A Drummer's Testament:   chapter outlines and links
drummers

Volume II Part 3:  Festivals

II-1:  The Fire Festival

Introduction

1.  how drummers’ work follows different months, especially festival months
2.  the talk of festivals joins the talks of greetings and chieftaincy; festivals’ respect follows chieftaincy

3.  drummers go to chief’s house to announce the festival
4.  summary of the work of drummers in different festivals

The Dagbamba calendar

5.  no calendar of months until Naa Zanjina brought it
6.  the twelve months and the festivals
7.  follows Arabic lunar calendar; does not follow seasons

Buɣim

8.  first month of the year; Fire Festival from Muslim religion; story of Prophet Nuhu and flood
9.  festivals come from Muslim religion, but also are mixed with typical Dagbamba
10.  Fire Festival month is very important to typical Dagbamba
11.  throwing fire and reading Muslim talisman are two different aspects

Questions about the origins of the Fire Festival

12.  drummers say Muslim origin; typical Dagbamba have adopted it
13.  Ziong Lun-Naa’s talks or pre-Islamic presence; most drummers would disagree
14.  typical Dagbamba stories confuse the issues
15.  typical Dagbamba claim Buɣim for themselves; sacrifices to medicines; no evidence that tindanas ever did anything with fire
16.  looking at different talks can obscure the truth; proverb about witches
17.  even maalams can differ on Damba origins; Damba Festival collected by the chiefs
18.  typical Dagbamba can appropriate customs; their ideas work for them; not an argument
19.  origins of Muslim religion in Dagbon is also vague; mixing of customs
20.  maalams are very important in Buɣim; prayers after throwing fire; tenth day readings; mixing

Appropriation of customs in festivals and community celebrations

21.  example:  Guinea Fowl Festival, Muslim origin but maalams don’t whip guinea fowls
22.  example:  Christmas from white people but celebrated seriously by Ashantis, Ewes, Gas
23.  mixing and collecting customs is the way for every era of the past; Dagbamba collected the local gods when they came; Muslim brought the calendar and sense of history when Dagbamba did not even know months; evidence that Buɣim Festival from the Muslims
24.  drummers support the Muslim origin of Buɣim; they don’t involve themselves to challenge ideas from typical Dagbamba
25.  origins of drummers and drumming from Bizuŋ, but Bizuŋ got the drum from somewhere
26.  story of Guruma origin of luŋa
27.  anything someone has comes from somewhere; can add something of his own
28.  example:  Dagbamba perform Muslim weddings
29.  example:  Kusasis dancing Damba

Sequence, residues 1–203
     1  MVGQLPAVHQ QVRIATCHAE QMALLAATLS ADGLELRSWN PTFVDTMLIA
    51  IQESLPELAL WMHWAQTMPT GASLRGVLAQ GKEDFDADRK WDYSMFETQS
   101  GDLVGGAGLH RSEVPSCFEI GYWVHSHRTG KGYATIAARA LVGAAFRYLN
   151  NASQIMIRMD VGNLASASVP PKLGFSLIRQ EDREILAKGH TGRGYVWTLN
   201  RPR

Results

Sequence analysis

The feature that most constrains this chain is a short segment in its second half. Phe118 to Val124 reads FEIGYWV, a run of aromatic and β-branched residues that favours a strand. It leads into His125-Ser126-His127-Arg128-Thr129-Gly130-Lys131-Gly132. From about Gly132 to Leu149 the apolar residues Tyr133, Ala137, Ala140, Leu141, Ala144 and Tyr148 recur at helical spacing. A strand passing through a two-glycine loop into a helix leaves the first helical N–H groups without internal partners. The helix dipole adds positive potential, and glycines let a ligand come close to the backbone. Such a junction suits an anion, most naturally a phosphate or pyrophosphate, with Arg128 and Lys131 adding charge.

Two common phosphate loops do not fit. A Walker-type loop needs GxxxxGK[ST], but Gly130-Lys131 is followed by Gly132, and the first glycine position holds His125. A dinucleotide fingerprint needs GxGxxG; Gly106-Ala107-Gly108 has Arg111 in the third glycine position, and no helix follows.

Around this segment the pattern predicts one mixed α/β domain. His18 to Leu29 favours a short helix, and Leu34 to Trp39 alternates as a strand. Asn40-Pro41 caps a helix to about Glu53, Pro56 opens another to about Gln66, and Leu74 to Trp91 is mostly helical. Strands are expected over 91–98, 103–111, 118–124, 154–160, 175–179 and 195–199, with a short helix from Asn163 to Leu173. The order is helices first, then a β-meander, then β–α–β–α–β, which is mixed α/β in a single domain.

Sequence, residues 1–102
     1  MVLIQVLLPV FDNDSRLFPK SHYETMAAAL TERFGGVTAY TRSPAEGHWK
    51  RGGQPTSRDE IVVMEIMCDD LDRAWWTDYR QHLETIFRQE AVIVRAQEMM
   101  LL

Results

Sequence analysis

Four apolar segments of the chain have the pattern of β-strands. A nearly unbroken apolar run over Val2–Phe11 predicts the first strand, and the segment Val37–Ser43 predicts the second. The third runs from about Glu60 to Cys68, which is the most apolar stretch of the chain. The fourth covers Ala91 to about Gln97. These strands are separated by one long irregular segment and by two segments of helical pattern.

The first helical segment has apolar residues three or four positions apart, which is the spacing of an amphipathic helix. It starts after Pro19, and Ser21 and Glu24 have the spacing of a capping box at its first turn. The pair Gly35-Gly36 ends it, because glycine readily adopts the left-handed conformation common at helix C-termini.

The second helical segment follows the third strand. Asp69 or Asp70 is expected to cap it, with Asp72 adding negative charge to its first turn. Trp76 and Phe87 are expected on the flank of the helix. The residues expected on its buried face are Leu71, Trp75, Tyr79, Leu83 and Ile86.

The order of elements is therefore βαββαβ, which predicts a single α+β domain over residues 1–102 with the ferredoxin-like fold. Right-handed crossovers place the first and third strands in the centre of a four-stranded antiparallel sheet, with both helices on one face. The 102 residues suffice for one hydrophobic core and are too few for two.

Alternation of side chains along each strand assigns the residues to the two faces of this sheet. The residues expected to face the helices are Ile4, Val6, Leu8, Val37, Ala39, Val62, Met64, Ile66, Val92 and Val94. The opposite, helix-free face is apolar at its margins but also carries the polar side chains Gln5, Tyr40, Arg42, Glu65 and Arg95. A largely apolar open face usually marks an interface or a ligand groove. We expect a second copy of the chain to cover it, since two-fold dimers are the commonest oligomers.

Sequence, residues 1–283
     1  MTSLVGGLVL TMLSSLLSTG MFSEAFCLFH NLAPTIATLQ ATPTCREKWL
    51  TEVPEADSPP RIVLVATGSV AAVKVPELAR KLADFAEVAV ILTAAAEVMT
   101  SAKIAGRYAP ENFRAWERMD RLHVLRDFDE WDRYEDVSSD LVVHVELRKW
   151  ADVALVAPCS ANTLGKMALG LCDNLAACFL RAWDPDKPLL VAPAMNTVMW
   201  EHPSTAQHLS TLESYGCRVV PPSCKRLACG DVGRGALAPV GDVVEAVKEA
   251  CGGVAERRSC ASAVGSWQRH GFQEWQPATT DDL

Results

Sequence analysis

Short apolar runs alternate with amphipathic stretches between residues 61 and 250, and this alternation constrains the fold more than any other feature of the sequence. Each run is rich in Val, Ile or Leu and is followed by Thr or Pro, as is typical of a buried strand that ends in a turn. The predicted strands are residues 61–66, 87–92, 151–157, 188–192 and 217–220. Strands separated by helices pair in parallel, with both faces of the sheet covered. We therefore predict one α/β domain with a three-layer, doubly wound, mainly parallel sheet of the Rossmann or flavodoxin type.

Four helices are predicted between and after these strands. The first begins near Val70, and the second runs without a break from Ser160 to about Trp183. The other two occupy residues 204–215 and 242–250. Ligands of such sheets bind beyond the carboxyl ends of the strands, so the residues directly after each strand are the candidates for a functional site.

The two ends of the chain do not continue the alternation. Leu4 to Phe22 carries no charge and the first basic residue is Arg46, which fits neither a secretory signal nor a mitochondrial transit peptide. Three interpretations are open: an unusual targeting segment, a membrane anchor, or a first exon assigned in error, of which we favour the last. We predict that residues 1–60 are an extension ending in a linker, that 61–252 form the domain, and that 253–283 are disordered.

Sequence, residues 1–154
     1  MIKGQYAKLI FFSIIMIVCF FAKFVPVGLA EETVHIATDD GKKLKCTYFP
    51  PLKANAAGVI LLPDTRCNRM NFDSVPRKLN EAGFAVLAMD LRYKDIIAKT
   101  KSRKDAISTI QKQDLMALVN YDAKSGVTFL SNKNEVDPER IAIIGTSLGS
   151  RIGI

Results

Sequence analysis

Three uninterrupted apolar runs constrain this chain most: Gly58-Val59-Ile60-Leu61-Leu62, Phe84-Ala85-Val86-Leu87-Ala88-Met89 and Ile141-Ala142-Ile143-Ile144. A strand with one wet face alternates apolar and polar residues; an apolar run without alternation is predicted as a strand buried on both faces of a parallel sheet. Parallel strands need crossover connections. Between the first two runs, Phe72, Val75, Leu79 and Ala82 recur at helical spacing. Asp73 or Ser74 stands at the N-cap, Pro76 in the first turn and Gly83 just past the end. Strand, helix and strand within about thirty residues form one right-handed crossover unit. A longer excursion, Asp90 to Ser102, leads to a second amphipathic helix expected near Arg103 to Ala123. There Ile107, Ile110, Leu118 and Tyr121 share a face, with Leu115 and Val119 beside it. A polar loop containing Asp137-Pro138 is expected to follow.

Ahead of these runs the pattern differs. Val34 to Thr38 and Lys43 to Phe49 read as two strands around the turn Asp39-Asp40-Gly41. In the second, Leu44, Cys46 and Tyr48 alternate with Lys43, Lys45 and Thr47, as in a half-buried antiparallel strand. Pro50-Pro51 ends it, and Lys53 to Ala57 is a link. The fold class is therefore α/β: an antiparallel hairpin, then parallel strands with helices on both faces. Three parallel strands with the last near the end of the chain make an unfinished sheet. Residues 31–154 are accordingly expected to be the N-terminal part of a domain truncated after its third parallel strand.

30.  example:  Walas dancing Damba
31.  example:  Gonjas dancing Damba
32.  Dagbamba also collect other traditions to be theirs; drummers are people who ask; more disciplined; different type of knowledge from typical Dagbamba

The Fire Festival month

33.  no weddings or funerals the following month, so people do them during Buɣim
34.  scheduling events during the Buɣim month
35.  sometimes smaller chieftaincies installed before or on the festival day
36.  typical Dagbamba “repair” medicines; sacrifices

The ninth day

37.  Fire Festival day, children collect grasses and tie them; shea butter to make the a torch; give to uncle or grandfather, who gives gift of money and sometimes an animal to the child
38.  cook food and share to other houses; put food on the walls of the house for dead people

Throwing the fire

39.  in the evening, gather at chief’s house; Kambonsi with guns and bells; drummers; people wear traditional dress and carry cutlasses, axes, and knives; can engage quarrels
40.  chief and Paani and elders make fire; drummers and flute players and Akarima; light torches and beat Ʒɛm; chief and followers throw torches and return to house
41.  young men and women light torches; women remove skirts; how they dress and carry the torches
42.  processions through town and to bush to throw the torches into trees; drumming and singing; the type of songs and drumming
43.  settling grudges during procession; shake burning oil on others or use weapons
44.  some people avoid the Fire Festival dangers; consult soothsayers before going; throw the fire outside the house
45.  after throw the fire; return to dance in front of chief’s house; beating Ʒɛm, Baŋgumaŋa, and Pan’ dola yɛliga
46.  maalams make walga medicine for people; walga in a pot at chief’s house; chief’s wives use branches to throw it on dancers; procession continues to houses of Limam, Kamo-Naa, and Wulana
47.  people return to house and bathe “New Year’s water”; Kambonsis return to chief’s house and dance all night; Simpa and drumming, too

The tenth day

48.  go around and greet the New Year; greetings everywhere; chiefs greet others; gifts and grandson money; some people shave “bad hair”
49.  in morning, chief drummer gathers people at chief’s house; Limam says prayers; chief slaughters an animal; Limam unfolds sabli that predict the year and show  sacrifices to perform
50.  Buɣim is considered the first month and oldest month of the year

Dambabilaa month

51.  a bad month; no weddings, funerals, chieftaincies; drumming only beat for namings or at market; bad-luck month
52.  maalams talks about bad days in Dambabilaa; different habits